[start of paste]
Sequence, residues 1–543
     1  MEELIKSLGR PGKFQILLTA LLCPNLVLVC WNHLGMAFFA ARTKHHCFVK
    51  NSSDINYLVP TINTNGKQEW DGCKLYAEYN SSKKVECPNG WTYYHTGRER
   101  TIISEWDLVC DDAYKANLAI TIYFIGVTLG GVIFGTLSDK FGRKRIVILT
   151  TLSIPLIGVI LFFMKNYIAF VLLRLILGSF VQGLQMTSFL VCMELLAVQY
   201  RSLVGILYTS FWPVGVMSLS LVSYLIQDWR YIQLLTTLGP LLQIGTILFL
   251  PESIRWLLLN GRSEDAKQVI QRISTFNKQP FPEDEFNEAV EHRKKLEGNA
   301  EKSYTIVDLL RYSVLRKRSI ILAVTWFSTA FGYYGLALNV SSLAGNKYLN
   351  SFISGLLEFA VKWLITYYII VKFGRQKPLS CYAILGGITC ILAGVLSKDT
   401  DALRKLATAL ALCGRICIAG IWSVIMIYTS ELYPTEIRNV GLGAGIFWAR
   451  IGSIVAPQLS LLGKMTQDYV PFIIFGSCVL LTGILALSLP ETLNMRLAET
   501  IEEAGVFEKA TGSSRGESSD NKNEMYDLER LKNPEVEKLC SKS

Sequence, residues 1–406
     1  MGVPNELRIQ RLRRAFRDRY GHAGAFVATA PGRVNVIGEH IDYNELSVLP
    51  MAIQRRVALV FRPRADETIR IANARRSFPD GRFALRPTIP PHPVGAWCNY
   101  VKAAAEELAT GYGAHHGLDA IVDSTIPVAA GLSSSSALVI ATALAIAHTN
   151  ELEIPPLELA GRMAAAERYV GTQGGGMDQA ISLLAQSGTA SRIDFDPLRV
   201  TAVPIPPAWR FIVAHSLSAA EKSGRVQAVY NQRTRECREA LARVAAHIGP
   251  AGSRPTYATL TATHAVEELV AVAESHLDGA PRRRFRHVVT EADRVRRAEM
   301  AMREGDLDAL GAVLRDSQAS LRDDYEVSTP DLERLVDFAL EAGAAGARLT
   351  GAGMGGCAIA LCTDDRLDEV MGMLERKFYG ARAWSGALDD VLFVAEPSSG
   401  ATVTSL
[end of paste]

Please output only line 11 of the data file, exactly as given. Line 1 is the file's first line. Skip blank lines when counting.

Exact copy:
   451  IGSIVAPQLS LLGKMTQDYV PFIIFGSCVL LTGILALSLP ETLNMRLAET